Behind Martin’s 214 total yards and two touchdowns, Tampa Bay dismantled a Minnesota team that was undefeated at home before this week, winning 36-17. The Bucs’ rookie running back absolutely gashed the Vikings Thursday night, catching three passes for 79 yards in addition to rushing for 135 yards in what was his best game as a professional. Look for more big games to come from Martin, who has looked increasingly better these last three weeks.

3) Rob Gronkowski, TE, New England Patriots

If football fans across the pond didn’t know about Gronkowski before, they certainly do now. Gronk celebrated his first NFL game outside of U.S. territory in memorable fashion, hauling in eight passes for 146 yards and two touchdowns in the Patriots’ 45-7 shellacking of the Rams in London. Let’s hope New England’s bye this week doesn’t cool Gronkowski down, as he has caught two touchdowns in each of his last two games.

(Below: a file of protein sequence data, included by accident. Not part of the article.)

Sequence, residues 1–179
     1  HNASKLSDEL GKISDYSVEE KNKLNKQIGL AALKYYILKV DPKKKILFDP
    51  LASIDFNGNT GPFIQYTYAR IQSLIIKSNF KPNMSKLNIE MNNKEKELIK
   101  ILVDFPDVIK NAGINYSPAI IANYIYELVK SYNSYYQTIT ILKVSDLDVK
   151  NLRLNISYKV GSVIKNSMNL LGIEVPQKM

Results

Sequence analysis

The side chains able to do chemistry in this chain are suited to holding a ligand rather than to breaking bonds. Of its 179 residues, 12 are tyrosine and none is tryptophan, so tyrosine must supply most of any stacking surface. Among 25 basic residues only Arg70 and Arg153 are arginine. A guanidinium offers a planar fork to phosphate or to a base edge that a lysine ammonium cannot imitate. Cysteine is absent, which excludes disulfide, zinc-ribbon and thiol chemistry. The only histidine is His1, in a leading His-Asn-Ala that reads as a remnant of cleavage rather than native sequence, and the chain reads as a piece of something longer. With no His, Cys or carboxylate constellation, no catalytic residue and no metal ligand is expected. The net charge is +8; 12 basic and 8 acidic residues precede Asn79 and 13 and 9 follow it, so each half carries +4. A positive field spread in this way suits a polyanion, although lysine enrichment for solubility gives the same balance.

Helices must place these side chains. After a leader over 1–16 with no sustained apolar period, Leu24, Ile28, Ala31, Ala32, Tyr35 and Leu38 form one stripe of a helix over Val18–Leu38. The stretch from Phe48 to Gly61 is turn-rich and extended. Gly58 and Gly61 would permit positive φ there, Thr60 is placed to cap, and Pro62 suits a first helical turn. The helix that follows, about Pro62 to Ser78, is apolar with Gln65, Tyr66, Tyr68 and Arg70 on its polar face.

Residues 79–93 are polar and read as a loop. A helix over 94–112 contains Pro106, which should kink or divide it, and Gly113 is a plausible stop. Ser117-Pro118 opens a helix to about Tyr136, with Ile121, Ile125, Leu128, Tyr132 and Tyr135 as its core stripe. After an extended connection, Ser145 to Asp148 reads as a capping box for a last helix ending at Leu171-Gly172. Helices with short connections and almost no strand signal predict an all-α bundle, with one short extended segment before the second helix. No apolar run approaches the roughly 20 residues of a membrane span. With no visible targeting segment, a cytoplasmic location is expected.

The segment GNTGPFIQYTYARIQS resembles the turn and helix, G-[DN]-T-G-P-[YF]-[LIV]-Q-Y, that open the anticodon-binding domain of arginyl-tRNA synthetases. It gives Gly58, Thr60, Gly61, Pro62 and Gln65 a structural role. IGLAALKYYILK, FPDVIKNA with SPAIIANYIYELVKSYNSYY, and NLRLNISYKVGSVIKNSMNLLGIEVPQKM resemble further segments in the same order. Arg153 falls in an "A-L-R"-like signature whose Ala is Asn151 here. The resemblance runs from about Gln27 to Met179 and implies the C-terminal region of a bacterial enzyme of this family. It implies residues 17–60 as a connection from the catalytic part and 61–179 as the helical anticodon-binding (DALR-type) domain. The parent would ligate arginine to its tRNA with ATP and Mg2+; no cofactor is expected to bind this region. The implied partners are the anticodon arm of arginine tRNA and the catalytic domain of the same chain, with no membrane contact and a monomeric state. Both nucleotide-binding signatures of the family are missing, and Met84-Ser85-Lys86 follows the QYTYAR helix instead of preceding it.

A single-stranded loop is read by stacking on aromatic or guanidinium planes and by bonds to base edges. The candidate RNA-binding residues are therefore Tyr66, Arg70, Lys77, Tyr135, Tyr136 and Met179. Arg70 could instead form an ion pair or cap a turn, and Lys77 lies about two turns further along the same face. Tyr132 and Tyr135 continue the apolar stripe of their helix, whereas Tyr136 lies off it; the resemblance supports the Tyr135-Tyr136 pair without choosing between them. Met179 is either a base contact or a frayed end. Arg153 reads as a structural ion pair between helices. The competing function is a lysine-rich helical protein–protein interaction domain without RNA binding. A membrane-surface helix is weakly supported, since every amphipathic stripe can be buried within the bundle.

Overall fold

Fantasy Tricks:

1) Jamaal Charles, RB, Kansas City Chiefs

Charles continues to be a fantasy anomaly, turning in an absolute stinker against the Raiders Sunday. With the Chiefs struggling mightily at the quarterback position, one would assume they would rely on Charles to carry the load. However, that was not the case, as the ex-Longhorn had a dismal five carries for four yards and three receptions for six yards.

2) Vincent Jackson, WR, Tampa Bay Buccaneers

After a monster game against the Saints last week, Jackson came back down to earth on Thursday, catching only two balls for 40 yards. Much of this lackluster performance can be attributed to Bucs’ RB Doug Martin, who went off on the Vikings. Still, Jackson’s fantasy owners have to be disappointed with this one, especially since he failed to reach the end zone for the first time in his last four games.